Pop-culture’s Enlightenment Error “Happiness is only achievable in the present moment.” “To be present you must put aside thoughts of the past and future.” “Just breathe, trust, let it go and see what happens.” Statements about being present are multiplying as quickly as smoothie shops.  Mindfulness websites, motivational wallpapers, and Instagram captions recycle and repurpose ancient wisdom into naïve platitudes that briefly catch our attention as we scroll our lives away.  Quotes paired with photos of smiling yogis, poised on mountain tops, implant into our minds the idea that happy, enlightened people spend life sitting cross-legged, ignoring responsibilities, and breathing – nary a thought of the future and certainly no planning necessary. Somehow they blissfully and serendipitously sashay through life, free of career goals, relationship goals, or worry about what to cook for the kids tonight. Undoubtedly, compared to neurotic fretting, this carefree notion of being present is helpful.  If you’ve totally lost control of your environment and your emotions – you really messed up big time – well then, jettisoning any thoughts of the past or future …

Week 10 Questions for Know Thyself 2019: What’s Love?

(This blog is part of a weekly series for Know Thyself 2019, a 365 day journal project. Start here!) This Week’s Journal Topic: Love In English, the word “love” can refer to anything from pleasant regard (“I love your blouse.”) to deep interpersonal affection (“Your love completes me.”). Although the word is frequently used, many of us, when asked, would have to think about what we really mean.  Why bother defining love? Prevent misunderstandings: An instance of the word “love” may be casually misunderstood because of the variety of meanings it takes on, dependent on context and individuals involved.  The meaning is often taken for granted by the hearer and speaker. Clarify expectations: If you’ve defined your own usage of, “I love – “, then you’ll be ready to ask another person what it means to them when they use the sentence. Deepen your debate: Some people reserve the word “love” for strong emotions; other people use love often and easily.  What’s the true meaning of love?  Everyone wants to know. How many ways do …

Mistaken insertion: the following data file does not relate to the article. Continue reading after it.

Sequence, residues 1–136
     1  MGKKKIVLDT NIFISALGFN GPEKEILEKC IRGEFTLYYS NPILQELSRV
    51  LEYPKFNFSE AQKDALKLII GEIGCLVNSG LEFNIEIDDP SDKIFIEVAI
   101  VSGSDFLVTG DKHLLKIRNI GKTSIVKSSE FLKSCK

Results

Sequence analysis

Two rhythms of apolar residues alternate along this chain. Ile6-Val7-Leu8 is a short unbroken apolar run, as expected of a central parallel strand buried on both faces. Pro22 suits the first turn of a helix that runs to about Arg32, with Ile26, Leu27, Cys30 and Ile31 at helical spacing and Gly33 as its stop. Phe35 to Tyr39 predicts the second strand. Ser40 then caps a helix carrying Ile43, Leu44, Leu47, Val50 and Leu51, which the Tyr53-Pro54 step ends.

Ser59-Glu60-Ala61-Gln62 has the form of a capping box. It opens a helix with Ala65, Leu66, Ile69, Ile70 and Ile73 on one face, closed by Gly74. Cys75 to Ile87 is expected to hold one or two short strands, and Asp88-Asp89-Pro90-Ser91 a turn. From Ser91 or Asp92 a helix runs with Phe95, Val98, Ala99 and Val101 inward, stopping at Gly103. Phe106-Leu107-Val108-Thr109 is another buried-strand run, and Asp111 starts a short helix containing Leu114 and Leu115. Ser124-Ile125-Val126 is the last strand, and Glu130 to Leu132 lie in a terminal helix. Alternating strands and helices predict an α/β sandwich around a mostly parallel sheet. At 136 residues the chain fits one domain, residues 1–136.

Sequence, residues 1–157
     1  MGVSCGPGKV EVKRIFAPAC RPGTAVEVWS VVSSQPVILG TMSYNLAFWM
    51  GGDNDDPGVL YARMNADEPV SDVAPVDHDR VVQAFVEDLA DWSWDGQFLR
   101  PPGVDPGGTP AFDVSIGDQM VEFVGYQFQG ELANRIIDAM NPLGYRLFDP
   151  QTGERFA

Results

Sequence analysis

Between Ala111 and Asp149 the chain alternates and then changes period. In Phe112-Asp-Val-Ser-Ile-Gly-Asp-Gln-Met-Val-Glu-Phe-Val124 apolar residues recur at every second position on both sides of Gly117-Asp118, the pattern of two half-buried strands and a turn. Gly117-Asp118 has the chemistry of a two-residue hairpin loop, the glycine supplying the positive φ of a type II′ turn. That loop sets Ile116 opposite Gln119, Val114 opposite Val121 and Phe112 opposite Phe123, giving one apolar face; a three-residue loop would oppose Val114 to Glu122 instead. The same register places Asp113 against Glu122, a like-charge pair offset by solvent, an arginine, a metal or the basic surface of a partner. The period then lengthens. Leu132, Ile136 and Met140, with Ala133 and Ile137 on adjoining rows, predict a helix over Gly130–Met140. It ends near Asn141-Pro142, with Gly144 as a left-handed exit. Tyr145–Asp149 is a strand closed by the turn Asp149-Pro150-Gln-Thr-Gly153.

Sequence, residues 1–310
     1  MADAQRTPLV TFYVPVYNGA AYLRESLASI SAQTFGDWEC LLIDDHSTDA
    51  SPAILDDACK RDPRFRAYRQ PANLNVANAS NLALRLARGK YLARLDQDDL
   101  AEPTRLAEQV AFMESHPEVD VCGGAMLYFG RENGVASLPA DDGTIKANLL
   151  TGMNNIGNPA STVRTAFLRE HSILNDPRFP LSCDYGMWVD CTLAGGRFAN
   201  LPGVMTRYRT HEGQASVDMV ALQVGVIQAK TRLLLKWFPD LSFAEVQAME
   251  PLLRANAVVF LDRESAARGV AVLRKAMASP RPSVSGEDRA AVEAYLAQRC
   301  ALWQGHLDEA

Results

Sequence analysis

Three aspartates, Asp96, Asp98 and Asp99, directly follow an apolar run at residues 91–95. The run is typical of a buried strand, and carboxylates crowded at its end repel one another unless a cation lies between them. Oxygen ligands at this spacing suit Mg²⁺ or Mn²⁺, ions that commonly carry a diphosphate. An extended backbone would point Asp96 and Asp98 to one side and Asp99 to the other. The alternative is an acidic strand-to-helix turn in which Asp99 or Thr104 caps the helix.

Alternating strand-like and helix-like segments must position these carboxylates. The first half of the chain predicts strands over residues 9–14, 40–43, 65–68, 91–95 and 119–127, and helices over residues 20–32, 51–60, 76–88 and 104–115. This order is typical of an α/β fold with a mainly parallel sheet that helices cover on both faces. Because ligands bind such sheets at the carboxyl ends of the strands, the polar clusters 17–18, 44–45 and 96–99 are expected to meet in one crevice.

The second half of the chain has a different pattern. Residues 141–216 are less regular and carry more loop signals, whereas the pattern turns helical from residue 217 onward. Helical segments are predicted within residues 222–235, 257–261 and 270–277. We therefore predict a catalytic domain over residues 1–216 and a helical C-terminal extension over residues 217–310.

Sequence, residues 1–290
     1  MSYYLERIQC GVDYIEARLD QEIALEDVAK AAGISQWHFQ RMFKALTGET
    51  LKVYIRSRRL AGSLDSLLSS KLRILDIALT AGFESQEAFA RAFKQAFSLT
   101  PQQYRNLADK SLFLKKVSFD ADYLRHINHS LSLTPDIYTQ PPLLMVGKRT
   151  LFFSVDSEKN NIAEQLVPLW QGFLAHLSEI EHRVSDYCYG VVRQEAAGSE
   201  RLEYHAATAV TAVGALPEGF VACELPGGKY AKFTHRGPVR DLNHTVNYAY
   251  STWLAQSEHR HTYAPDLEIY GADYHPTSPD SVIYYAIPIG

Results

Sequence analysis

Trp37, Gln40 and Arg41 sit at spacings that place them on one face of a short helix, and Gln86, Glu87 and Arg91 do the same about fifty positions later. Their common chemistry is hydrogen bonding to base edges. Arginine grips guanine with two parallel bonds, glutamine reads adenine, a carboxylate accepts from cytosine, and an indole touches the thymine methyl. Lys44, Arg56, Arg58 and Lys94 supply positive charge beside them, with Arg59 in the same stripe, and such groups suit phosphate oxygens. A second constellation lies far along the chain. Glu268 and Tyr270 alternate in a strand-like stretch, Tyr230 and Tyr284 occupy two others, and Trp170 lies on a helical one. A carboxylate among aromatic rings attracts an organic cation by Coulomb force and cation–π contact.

Week 1 Questions for Know Thyself in 2019: Sleep

(This blog post is part of a weekly series for Know Thyself 2019: A Journal Project) S L E E P The question topic might surprise you. Why start a self-knowledge journal asking about something that we’re unconscious for? Two major reasons to figure out your relationship with sleep: Your brain health. Deep thinking and creativity require proper brain function.  If you’re not sleeping well, then your brain isn’t going to function optimally. Your physical health. Your heart, muscles, immune system require adequate sleep.  Stress hormones and insulin resistance increase in response to sleep deprivation. There’s a lot of contradictory advice circulating, such as: Rich and successful people don’t sleep more than 5 hours a night. Human beings need at least 8 hours of sleep. It’s pretty common to be confused about what YOU actually need. Let’s figure it out! Questions: How much sleep do you get on average per night?  (How to know: total how many hours of sleep you’ve gotten in the last 7 nights, and divide that number by 7)  Do you think you get …